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As a native Spanish speaker growing up in Honduras, my list of required reading classics included some names you may be familiar with, like “The Hunchback of Notre-Dame”, or Homer’s “The Iliad.” Of course, “Don Quixote de la Mancha” is a given. Beyond that, the list comprised some local writers, like Ramón Amaya Amador’s “The Wizards of Ilamatepeque “or “Green Prison.” 

When I started reading English books, I fell in love with thrillers from the works of Clive Cussler, Ken Follett, Robert Ludlum, Frederic Forsyth, and Tom Clancy. Later on, as I cultivated likely-minded friends, e.g. other aspiring writers, they mentioned books that I either never heard of, much less read. Several times I had found myself at a loss when people made references to “The Great Gatsby” and its green light, or almighty spying-on-its-people governments like in Nineteen Eighty-Four.

Soon I realized that what most people understand for modern classics could vary from one country to another, or one culture to another, even in countries with shared heritage like in Latin America. For example, it’s a tradition in Mexico to present the play “Don Juan Tenorio” around Day of Dead every November, yet I only read it during a brief stint as an aspiring theater actor—I wanted to play the antagonist Luis Mejía.

Feeling like an ignorant despite all the books that I had read was a new feeling for me, so I studied, and pretty much like Santa Claus I made a list of naughty and nice. Except I named books rather than children. During my quest I received a lot of input from the local library, along with the opportunity to burrow a copy instead of having to buy all of them.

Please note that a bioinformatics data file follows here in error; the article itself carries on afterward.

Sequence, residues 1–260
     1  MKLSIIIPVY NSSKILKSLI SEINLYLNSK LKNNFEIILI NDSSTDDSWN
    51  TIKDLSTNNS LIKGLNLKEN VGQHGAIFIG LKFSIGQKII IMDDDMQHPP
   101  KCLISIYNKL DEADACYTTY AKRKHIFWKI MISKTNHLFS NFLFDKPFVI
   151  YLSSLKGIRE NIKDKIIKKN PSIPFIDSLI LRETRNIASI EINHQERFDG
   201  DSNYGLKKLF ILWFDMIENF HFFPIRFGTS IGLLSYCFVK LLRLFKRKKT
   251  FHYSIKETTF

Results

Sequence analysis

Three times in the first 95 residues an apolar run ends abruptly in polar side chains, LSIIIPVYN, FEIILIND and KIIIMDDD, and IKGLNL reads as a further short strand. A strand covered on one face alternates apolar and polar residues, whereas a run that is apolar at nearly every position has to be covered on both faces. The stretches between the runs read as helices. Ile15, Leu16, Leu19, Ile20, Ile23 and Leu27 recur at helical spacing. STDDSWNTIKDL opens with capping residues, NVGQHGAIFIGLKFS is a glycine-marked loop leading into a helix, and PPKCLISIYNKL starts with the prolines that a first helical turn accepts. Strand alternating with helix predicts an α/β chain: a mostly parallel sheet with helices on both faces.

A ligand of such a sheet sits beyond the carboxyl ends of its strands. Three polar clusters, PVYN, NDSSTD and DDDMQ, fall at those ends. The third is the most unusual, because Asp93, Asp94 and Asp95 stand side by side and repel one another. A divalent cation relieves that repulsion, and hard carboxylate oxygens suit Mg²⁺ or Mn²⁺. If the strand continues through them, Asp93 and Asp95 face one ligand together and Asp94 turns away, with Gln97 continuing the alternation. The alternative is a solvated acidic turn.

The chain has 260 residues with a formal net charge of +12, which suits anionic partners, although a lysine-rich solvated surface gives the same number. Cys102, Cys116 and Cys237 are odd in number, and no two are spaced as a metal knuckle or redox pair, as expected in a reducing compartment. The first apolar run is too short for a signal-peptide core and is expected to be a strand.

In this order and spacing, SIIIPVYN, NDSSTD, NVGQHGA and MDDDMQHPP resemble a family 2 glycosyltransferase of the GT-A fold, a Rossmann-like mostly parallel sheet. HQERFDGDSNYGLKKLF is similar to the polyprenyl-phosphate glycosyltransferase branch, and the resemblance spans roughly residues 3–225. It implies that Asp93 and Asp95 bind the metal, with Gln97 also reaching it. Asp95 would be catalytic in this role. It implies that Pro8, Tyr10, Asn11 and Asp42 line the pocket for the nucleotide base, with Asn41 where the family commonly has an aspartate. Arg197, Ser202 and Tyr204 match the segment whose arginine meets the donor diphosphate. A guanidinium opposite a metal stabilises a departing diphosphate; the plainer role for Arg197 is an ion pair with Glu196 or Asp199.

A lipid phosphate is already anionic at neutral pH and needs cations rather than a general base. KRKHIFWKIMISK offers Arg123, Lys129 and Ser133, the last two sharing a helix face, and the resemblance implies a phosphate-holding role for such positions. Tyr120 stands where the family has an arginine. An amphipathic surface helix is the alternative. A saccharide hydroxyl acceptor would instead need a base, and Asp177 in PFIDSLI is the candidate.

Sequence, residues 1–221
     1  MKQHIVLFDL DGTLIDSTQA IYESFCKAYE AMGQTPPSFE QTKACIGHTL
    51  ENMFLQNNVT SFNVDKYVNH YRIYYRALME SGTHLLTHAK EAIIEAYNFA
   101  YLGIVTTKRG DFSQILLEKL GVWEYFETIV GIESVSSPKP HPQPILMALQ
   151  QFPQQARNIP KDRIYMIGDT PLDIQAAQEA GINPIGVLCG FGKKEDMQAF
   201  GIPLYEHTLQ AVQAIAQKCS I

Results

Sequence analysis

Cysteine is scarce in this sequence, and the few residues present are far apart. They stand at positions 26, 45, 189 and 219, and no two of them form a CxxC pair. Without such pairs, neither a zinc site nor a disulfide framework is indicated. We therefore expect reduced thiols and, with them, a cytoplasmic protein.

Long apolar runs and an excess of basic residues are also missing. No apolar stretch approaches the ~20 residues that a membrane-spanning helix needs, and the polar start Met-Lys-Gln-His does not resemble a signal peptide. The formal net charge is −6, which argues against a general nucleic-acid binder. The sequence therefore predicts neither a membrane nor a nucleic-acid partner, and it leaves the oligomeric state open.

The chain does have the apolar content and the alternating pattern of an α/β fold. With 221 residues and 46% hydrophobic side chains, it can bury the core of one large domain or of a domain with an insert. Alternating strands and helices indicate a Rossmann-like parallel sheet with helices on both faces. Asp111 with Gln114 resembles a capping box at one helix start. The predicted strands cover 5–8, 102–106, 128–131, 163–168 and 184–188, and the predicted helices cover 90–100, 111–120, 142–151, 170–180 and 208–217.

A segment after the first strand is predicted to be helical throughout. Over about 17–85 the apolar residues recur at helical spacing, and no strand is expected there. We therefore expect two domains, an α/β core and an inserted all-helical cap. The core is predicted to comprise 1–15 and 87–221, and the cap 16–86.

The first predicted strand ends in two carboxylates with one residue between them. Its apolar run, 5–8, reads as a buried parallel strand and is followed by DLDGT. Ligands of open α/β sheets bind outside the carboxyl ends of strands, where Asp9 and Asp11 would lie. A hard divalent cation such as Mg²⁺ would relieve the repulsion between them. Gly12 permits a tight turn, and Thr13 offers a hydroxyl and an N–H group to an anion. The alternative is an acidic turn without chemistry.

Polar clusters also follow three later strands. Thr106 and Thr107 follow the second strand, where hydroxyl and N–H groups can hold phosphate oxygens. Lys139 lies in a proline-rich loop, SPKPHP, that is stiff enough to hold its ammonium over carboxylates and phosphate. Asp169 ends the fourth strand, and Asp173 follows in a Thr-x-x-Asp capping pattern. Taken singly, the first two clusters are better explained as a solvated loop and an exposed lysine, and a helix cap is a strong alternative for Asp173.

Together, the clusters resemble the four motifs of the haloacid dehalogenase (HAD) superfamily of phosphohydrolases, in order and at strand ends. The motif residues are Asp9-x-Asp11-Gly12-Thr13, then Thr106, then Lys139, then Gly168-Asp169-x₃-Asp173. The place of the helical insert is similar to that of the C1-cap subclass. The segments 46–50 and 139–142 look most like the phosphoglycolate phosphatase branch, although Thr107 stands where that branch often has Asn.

Like me, many people who started to read late are afraid to take a classic. I’ve known people scared of James Joyce’s Ulysses for both its content and hefty volume. The same with Herman Melville’s Moby Dick. My own personal whale was not about length but writing. Several times I tried reading Huckleberry Finn but its delicious phonetic dialogues made it unreadable to me. I have Elijah Wood and his audio reading of the book for allowing me to finish it. 

After a few years I still haven’t gone around to read all of the classics, how could I with all of the new books coming out every year? Still, the effort has paid off and I’ve read so far: “Gone with the Wind,” “The Great Gatsby,” “Steppenwolf,” “Fahrenheit 451,” “A Confederacy of Dunces,” among others.  

I firmly believe it’s important to read classics, and libraries and bookstores play an instrumental role for the new generations to discover wonderful stories that still have an impact in today’s world—Bram Stocker’s Dracula for example. 

A suggestion would be to tailor a list according to genre and his or her particular tastes, to entice the reader, one book at a time, until the person has acquired the taste. Had I read “Pride and Prejudice” when I first started off, I would have certainly thrown that book across the living-room. 

 

J. H. Bográn, born and raised in Honduras, is the son of a journalist; however, he ironically prefers to write fiction. José’s genre of choice is thrillers, but he enjoys to throw in a twist of romance on occasion. He has published three acclaimed novels and is a member of The Crime Writers Association, the Short Fiction Writers Guild, and the International Thriller Writers where he also serves as the Thriller Roundtable Coordinator and contributor editor for their official e-zine The Big Thrill.